Bills Allow Wyoming Community Colleges To Charge More For Virtual Classes, Adjust For Inflation

Wyoming lawmakers on Monday advanced two bills designed to increase funding for the states community colleges by categorizing internet classes in higher funding brackets and letting colleges make inflation adjustment requests.

Clair McFarland

November 15, 20223 min read

Gillette college photo
(Cowboy State Daily Staff)

Wyoming lawmakers on Tuesday advanced two bills designed to increase funding for the state’s community colleges.    

The Wyoming Legislature’s Joint Education Committee met in Cheyenne to discuss raising then reimbursement to community colleges for distance education courses and to give the colleges ways to apply for money more often when hit by inflation.    

If it passes the entire Legislature during the lawmaking session that begins in January, the first bill would change distance learning or internet courses in colleges from having the lowest rate of funding by default. The courses instead could fall under higher reimbursement categories depending on their content.    

The second bill would create a mechanism for the Community College Commission to ask for extra money to catch up to inflation between its regular budget requests, which occur every four years. Under this bill, the commission could apply for an “exception budget” addressing inflation every two years starting in 2024.   

The second bill passed the committee 10-3 with one member excused, but still must pass the Legislature to become law.   

Inflation Vs. Tuition Hikes 

Sen. Bo Biteman, R-Ranchester, who later voted against the bill, attempted to pass an amendment specifying that colleges could not ask for inflation budget adjustments if they had raised tuition and fees within the previous biennium.   

“If they’re raising tuition and fees on our students, making college more expensive, I don’t think they should be coming to us asking for an (inflation adjustment),” said Biteman.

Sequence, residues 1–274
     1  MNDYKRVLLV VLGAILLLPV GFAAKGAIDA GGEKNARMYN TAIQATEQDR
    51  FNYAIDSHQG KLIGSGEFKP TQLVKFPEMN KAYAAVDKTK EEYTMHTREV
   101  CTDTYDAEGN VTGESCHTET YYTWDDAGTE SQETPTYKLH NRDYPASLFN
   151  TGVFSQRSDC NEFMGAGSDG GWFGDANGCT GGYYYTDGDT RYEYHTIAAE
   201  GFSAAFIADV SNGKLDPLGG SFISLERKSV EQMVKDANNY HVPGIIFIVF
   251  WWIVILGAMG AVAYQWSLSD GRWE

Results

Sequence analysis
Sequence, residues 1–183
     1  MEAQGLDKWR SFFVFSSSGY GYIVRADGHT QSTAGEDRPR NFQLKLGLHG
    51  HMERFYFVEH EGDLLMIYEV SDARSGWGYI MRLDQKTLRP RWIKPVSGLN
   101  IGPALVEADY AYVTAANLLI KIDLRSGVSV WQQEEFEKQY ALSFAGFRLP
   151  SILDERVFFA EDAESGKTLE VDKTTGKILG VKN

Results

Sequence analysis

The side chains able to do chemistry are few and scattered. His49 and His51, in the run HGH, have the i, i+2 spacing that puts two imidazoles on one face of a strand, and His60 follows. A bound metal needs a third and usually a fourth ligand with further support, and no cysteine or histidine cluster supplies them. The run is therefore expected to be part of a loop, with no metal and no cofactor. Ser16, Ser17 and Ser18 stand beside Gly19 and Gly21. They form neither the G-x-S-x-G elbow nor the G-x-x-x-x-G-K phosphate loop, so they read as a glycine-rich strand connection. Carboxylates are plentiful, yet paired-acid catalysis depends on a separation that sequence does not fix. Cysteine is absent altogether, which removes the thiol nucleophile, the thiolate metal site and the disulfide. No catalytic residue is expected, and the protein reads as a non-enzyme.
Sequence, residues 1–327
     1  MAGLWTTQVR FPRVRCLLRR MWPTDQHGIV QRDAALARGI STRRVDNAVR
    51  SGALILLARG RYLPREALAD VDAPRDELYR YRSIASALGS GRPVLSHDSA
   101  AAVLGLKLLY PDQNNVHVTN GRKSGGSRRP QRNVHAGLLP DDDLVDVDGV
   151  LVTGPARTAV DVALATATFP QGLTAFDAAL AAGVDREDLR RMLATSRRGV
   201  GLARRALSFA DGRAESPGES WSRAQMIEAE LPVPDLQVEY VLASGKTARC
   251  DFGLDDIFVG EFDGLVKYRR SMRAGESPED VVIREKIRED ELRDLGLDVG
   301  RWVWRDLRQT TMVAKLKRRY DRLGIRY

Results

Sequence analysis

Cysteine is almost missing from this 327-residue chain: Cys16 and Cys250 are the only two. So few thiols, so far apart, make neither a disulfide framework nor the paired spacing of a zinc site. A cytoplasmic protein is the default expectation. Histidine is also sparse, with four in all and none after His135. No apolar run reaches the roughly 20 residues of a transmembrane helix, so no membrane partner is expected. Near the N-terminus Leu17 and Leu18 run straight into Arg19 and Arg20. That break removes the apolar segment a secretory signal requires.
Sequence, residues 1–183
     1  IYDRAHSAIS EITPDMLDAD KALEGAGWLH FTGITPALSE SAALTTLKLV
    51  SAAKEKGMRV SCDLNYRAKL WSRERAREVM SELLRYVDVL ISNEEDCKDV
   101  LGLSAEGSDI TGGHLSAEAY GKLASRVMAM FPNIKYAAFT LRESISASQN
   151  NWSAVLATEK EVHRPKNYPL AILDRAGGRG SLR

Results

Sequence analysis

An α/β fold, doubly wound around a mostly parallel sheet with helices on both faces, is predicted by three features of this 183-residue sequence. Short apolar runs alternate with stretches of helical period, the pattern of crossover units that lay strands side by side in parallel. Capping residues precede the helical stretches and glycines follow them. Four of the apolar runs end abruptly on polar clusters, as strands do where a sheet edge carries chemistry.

Rep. Sandy Newsome, R-Cody, said she feared the amendment would cause colleges to raise tuition more than they would have otherwise to cover unexpected operating costs without the hope of state assistance.    

Biteman’s amendment failed, but committee Co-Chair Sen. Charlie Scott, R-Casper, told Biteman that though the amendment may be too “blunt” to pass, he hoped to see it refined and brought again. 

More Review 

Rep. Albert Sommers, R-Pinedale, brought an amendment that would compel the Legislature’s Joint Appropriations Committee to review the colleges’ indices showing inflation impacts.   

“I want (the language) a little stiffer than that,” said Sommers. “We need to (review the inflationary factors) and we need to have it in statute that we’re going to do that so there’s no question later on of, ‘Well we didn’t understand those indices.’”  

That amendment passed, as did a sub-amendment under it, brought by Rep. Cathy Connolly, D-Laramie, compelling the Joint Education Committee also to review the data.    

Rep. Chip Neiman, R-Hulett, and Sen. Tim Salazar, R-Riverton, both voted against the inflation adjustment bill, along with Biteman.    

Scott voted for the bill. So did Sens. Chris Rothfuss, D-Laramie, Affie Ellis, R-Cheyenne; and Reps. Ocean Andrew, R-Laramie, Jerry Obermueller, R-Casper, Jerry Paxton, R-Encampment, Sommers, Connolly and Newsome. 

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Clair McFarland

Crime and Courts Reporter